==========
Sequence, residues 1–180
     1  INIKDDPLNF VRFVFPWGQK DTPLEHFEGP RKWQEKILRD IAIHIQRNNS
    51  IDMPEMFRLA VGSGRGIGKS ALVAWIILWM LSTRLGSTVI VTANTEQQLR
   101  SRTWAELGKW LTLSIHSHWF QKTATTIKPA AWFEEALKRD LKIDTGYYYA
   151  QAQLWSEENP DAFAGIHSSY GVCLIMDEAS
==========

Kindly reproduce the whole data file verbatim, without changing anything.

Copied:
Sequence, residues 1–180
     1  INIKDDPLNF VRFVFPWGQK DTPLEHFEGP RKWQEKILRD IAIHIQRNNS
    51  IDMPEMFRLA VGSGRGIGKS ALVAWIILWM LSTRLGSTVI VTANTEQQLR
   101  SRTWAELGKW LTLSIHSHWF QKTATTIKPA AWFEEALKRD LKIDTGYYYA
   151  QAQLWSEENP DAFAGIHSSY GVCLIMDEAS